You’re probably aware of the recent uproar on social media over vehicle modification guidelines. After meetings with various stakeholders in the modified vehicles community, the Land Transportation Office (LTO), with guidance from the Department of Transportation (DOTr), is recommending an accreditation process for vehicle modification centers in response to the complaints of vehicle owners.
“Under the directive of Secretary Arthur Tugade, we have communicated to the stakeholders to have transport and traffic rules and regulations that are fair, relevant, and responsive to the needs of the times. We have emphasized during the meetings that our goal is to ensure the safety of the motoring public, and not to restrict the use of modified vehicles,” says LTO assistant secretary Edgar Galvante.
The concerned parties have agreed to submit recommendations for possible amendments to Department Order No. 2010-32, which is called the ‘Harmonization of Motor Vehicle (MV) Classifications of LTO and LTFRB’. After this, a technical working group will be formed to discuss the proposed amendments.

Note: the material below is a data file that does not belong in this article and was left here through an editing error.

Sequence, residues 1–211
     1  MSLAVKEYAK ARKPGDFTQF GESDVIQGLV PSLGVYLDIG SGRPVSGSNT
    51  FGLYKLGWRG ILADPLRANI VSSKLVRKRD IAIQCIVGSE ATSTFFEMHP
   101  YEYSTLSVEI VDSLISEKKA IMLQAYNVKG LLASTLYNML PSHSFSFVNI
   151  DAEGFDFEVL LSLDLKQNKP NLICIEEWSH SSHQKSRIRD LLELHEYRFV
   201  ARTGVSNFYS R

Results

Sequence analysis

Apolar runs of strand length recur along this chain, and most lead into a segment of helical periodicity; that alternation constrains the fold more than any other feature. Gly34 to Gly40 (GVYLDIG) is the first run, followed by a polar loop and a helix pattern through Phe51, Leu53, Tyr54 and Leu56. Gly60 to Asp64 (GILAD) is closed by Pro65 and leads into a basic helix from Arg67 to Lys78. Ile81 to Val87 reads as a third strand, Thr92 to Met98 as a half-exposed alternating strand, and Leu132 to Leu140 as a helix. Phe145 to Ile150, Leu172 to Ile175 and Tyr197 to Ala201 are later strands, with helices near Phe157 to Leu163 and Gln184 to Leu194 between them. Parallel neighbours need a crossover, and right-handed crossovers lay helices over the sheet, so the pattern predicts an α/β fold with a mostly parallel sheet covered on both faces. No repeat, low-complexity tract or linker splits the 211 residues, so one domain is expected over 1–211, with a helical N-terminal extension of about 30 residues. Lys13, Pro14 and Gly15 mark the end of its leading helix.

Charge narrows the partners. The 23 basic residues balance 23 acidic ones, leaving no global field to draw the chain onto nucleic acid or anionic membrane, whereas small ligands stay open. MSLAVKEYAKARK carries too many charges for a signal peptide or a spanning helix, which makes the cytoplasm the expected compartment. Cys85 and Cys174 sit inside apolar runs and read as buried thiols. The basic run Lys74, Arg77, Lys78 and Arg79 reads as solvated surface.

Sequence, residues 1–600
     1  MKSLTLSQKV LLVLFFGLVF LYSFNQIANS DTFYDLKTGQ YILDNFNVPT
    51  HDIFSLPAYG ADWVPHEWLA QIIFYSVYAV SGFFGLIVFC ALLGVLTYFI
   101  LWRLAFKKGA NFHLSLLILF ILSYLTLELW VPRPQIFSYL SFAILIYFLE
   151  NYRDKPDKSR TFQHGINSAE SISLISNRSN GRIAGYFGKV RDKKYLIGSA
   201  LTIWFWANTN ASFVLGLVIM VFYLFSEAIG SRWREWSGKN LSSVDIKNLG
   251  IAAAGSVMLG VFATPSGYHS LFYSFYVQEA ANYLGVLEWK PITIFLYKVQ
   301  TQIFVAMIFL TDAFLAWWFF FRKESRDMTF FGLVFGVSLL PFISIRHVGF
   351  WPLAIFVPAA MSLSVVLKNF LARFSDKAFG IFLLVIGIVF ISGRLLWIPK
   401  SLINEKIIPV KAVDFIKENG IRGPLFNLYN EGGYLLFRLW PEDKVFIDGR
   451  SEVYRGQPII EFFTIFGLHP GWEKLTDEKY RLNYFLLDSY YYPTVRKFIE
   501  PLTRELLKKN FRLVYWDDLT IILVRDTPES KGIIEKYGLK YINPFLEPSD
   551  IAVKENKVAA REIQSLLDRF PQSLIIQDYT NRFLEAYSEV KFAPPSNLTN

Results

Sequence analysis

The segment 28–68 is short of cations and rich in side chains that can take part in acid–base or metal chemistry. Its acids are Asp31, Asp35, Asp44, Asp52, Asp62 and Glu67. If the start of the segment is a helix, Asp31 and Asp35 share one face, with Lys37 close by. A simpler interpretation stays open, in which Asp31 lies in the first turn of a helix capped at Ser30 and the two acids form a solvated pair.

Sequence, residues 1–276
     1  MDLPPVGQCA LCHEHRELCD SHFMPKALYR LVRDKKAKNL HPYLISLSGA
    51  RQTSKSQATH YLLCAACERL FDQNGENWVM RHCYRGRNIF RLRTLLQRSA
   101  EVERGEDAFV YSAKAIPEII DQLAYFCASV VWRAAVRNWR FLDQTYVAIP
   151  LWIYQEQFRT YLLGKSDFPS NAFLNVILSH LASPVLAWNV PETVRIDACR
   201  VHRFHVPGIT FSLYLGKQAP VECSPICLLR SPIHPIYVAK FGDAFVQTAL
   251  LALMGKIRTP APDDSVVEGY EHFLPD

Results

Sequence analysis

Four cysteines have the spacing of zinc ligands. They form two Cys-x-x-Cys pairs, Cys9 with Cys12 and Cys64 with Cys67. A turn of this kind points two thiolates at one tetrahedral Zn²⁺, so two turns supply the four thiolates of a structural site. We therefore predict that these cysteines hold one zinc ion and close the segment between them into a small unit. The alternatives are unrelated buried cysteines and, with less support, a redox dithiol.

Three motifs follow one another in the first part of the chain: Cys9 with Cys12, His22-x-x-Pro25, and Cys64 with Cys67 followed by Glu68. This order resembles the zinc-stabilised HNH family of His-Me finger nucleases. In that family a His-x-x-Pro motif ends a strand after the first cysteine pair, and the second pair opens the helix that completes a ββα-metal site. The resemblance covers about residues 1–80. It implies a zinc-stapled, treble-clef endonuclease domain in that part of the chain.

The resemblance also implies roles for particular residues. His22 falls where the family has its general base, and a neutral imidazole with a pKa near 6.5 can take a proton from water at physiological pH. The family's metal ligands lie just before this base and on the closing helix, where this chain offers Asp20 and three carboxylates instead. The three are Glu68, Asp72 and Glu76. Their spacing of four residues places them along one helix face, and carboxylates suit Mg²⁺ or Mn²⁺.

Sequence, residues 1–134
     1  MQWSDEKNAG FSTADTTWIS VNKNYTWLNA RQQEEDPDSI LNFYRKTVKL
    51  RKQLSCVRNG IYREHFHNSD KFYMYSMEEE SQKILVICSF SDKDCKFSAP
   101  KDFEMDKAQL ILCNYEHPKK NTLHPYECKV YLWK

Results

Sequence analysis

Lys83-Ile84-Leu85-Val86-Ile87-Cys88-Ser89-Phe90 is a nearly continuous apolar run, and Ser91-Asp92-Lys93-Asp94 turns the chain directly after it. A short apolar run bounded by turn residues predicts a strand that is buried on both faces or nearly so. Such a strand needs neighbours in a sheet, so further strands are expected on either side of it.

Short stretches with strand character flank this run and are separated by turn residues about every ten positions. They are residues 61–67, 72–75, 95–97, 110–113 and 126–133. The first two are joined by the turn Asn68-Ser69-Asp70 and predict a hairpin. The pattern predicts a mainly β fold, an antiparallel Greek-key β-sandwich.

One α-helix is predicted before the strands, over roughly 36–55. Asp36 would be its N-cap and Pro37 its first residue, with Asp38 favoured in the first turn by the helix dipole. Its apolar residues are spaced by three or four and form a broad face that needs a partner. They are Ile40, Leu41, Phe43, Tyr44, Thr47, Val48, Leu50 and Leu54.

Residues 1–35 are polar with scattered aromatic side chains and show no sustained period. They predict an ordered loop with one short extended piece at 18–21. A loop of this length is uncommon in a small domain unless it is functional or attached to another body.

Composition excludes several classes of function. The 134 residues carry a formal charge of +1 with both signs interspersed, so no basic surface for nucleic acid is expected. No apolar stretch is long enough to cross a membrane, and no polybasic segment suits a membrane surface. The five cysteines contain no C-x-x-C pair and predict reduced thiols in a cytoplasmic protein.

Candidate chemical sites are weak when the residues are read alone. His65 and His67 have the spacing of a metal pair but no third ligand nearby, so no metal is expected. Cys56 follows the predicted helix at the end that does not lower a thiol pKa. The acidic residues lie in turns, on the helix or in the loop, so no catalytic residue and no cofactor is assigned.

On top of this, goverment and private-sector representatives have agreed to establish the Certificate of Road Safety—to be issued by the modification center and not the manufacturer—as a requirement for LTO inspection before registration. The certificate would contain a list of what modifications have been made to and the intended uses for a vehicle. For example, the owner would need to declare whether the vehicle will be used on national highways or only on off-road terrain.
The LTO is also considering other tweaks to its existing policies. A possible major change is for driver’s licenses to be valid for 10 years instead of the current five. And as far as LED lights go, the LTO says its enforcers will only apprehend vehicle owners who are using “blinding lights.”
It seems like we’re in for some big changes. What do you guys think about all this?